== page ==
The apparent administration move to withhold stabilization assistance to those Syrians the United States has helped liberate from IS, destroying many of their communities in the process, would be both heartless and counterproductive. The United States and its international partners should offer stabilization and reconstruction assistance to any community in Syria that forms a representative local council that is ready to work with donors, even in regime-held areas, but particularly in regions where much of the damage has been the result of American-supported military operations.

The Syrian civil war has been a source of instability and radicalization extending throughout the Middle East. The quicker it is brought to a conclusion, the better it will be for Syrians and their neighbors. The Syrian state has been closely aligned with Russia and Iran for decades. Six or seven years ago, when the civil war began, there might have been a chance to force a change, but that opportunity has passed. The best that can be hoped for at this late stage is that post-war Syria is no worse than pre-war Syria. That means coming to terms with the regime on the condition that all the foreign militias leave. Assad himself will want these foreign fighters to leave once he no longer needs them. The sooner that day comes, the better.

Continue reading this article by registering at no cost and get unlimited access to:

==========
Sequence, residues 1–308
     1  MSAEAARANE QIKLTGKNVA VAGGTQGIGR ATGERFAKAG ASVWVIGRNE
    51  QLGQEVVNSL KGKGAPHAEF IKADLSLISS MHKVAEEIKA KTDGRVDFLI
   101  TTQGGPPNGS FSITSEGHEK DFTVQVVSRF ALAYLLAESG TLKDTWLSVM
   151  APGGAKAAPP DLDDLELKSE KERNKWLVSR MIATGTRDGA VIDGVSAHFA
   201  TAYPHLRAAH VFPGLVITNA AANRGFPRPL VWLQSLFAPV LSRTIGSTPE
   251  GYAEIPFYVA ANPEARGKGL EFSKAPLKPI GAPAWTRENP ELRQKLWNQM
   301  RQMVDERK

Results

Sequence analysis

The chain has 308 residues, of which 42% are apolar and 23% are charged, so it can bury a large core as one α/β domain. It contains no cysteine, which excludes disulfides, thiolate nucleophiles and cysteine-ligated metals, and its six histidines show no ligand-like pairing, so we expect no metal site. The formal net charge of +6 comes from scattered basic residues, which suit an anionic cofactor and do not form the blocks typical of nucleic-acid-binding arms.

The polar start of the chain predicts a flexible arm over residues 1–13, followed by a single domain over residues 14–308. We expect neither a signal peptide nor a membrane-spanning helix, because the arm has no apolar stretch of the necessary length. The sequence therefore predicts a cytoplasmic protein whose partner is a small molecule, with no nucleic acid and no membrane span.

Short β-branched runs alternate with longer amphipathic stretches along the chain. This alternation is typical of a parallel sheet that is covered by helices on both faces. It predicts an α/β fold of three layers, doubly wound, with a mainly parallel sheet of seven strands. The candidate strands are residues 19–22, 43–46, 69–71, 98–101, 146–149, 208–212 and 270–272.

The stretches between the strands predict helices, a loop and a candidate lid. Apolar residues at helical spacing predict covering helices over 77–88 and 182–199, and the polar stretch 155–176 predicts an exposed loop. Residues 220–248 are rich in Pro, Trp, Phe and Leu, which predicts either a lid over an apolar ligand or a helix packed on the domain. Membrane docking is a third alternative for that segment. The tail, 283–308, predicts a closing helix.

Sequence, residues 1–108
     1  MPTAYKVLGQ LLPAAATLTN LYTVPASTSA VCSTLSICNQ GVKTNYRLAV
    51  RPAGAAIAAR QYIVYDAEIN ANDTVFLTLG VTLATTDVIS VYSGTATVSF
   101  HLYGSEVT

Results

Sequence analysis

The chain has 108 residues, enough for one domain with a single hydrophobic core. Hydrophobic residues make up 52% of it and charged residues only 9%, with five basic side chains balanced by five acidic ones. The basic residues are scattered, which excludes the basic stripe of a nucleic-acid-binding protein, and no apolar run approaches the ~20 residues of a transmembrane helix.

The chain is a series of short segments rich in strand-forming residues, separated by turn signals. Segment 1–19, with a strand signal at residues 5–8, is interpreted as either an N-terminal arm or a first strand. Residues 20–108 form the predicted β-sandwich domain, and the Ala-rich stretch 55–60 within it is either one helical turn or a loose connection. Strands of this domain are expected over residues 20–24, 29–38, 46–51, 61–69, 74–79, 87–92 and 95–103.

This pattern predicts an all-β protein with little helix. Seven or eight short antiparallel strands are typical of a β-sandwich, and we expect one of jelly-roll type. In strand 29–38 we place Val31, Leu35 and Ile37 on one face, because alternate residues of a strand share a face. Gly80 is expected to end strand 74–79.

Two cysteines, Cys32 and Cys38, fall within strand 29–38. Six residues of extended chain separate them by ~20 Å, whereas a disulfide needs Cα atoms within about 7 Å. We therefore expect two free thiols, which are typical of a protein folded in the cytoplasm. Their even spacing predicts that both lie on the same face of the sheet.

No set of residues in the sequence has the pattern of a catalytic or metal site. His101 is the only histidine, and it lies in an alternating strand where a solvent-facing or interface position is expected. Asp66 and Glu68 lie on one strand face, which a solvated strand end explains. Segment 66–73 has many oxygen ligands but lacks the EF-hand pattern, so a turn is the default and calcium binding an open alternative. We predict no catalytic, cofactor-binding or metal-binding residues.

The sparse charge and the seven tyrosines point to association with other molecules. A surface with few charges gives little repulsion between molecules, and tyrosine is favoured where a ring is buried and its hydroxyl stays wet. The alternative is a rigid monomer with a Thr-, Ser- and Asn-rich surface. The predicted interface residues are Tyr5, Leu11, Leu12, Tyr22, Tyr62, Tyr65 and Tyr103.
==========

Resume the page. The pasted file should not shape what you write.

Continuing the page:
• The award-winning Middle East Lobbying - The Influence Game
  • Archived articles
  • Exclusive events
  • The Week in Review
  • Lobbying newsletter delivered weekly
Found in: syrian civil war, militias, bashar al-assad, kurds in syria, islamic state, withdrawal, rex tillerson

Ambassador James Dobbins is a senior fellow and distinguished chair in diplomacy and Security at the nonprofit, nonpartisan RAND Corporation. He has held State Department and White House posts including assistant secretary of state for Europe, special assistant to the president for the Western Hemisphere, special Adviser to the president, secretary of state for the Balkans and ambassador to the European community. He is the author of Foreign Service: Five Decades on the Frontlines of American Diplomacy.

Jeffrey Martini is a senior Middle East analyst at the nonprofit, nonpartisan RAND Corporation, where he works on political and security issues in the Arab World. He spent a year as the North Africa lead at the State Department's Bureau of Conflict and Stabilization Operations in 2014 and 2015. He has published on civil-military relations in Egypt, generational divides within the Muslim Brotherhood, changes in the regional security environment and intra-GCC relations.

Next for you

The website uses cookies and similar technologies to track browsing behavior for adapting the website to the user, for delivering our services, for market research, and for advertising. Detailed information, including the right to withdraw consent, can be found in our Privacy Policy. To view our Privacy Policy in full, click here. By using our site, you agree to these terms.